By Les Fossel
Portland (Maine) Press-Herald, March 11, 2019
Interesting things are happening in rural Maine:
- People with software jobs elsewhere are moving to Maine – but only where high-speed internet exists.
- Artists, photographers, actors, musicians from away have created a sophisticated cultural economy.
- A bumper crop of young farmers is moving in – the number of farmers, the acres under cultivation and the value of their product are all increasing. Farmers are now growing, processing and marketing specialty products – 30 Acre Farm and Singing Prairie Farm are good examples. This is part of the foodie revolution – note how craft breweries have gone statewide, as is increasingly true of high-quality restaurants.
- Retirees are attracted to our world-class health care, cultural amenities and low living costs. Our economy benefits since they have middle-class incomes and volunteer in the community but do not strain the tax base.
These four legs can be the economic foundation for rural Maine. However, health care is facing daunting challenges:
Maine’s per capita health care costs are among the nation’s highest, but our per capita income is in the middle range. Maine’s per capita wage income is among the lowest and all the other states with the highest health care costs also have the highest incomes. That’s not us. A large portion of our population cannot afford to use our health care system. This is creating a severe financial crisis in health care.
While we like to think that quality is the same among health care providers in Maine, it is not true. The Leapfrog Group is the organization whose annual ratings are the recognized standard for comparing health care quality across America. Only seven hospitals in Maine got the award – all were small rural hospitals with higher costs. Every one of these same rural hospitals also is either in the red, or close to it.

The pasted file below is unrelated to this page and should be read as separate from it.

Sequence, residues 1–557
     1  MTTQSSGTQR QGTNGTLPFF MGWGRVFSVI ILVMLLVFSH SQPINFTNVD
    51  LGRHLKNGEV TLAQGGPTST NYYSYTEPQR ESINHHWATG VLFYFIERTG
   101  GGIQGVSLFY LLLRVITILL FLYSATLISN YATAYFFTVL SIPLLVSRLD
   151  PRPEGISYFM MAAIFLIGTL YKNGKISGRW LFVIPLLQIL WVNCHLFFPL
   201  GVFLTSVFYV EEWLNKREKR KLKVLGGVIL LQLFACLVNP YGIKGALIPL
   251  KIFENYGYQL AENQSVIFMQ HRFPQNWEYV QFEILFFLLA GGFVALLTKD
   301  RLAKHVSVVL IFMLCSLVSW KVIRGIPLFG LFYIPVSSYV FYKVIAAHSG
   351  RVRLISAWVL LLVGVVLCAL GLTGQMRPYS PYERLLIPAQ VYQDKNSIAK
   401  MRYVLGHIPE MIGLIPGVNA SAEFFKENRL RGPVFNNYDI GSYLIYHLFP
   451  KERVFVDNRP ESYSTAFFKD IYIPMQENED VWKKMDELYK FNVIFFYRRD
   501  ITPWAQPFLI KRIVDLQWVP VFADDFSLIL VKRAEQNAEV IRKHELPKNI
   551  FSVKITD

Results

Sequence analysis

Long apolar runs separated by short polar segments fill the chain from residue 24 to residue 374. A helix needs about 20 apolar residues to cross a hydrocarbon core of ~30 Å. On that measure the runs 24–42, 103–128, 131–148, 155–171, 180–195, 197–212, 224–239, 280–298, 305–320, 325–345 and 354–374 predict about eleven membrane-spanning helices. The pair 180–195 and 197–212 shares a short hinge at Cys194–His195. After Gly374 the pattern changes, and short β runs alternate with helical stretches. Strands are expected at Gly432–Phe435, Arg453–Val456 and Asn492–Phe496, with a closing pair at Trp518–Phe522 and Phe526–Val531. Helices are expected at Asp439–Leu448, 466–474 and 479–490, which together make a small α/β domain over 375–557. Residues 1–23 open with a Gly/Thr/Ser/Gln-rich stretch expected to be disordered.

My hospital, LincolnHealth (I’m on the board), has won the Leapfrog Award almost every year. Three years ago Consumer Reports named our hospital the safest in America. This high quality does nothing for our bottom line. Rural hospitals are merging with larger health care groups because we have no alternative. Medicare and Maine-Care reimbursements (which represent most of our revenues) don’t cover costs. We were not bought out – we joined MaineHealth in order to continue to provide world-class care.
Though most Mainers have health insurance, they don’t use it since they can’t pay the deductibles. This is why LincolnHealth’s uncompensated and charity care is so high. Further, the unaffordability crisis in Maine gets worse every year, since health care cost increases always outstrip economic growth – much like a cancer. Health care is now over 20 percent of our economy, but it should be half that. Imagine if Maine could devote those wasted health care dollars to address our real needs.
I served in the Maine Legislature on the Health and Human Services Committee. I authored some good health care legislation, but I could not address our underlying problems. I have been an employer for over 40 years. I have seen solution after solution attempted – but none has worked.
Now I am treasurer of Maine AllCare – our largest universal health care education group – because it is the only way left to control health care costs. Exporting patients to Portland or Boston just treats the symptoms of the crisis, not the underlying problems. To cut health care costs and live longer, we must root our health care in our local communities – the approach that has worked for all other First World countries.
We must pay attention to what works. Universal health care works. It is less costly and more effective. Winston Churchill once said that Americans always do the right thing – but only after they’ve tried everything else.
Well, we have tried everything else – and it doesn’t work. Isn’t it finally time we do the right thing in health care?
Les Fossel is a former member of the Maine Legislature.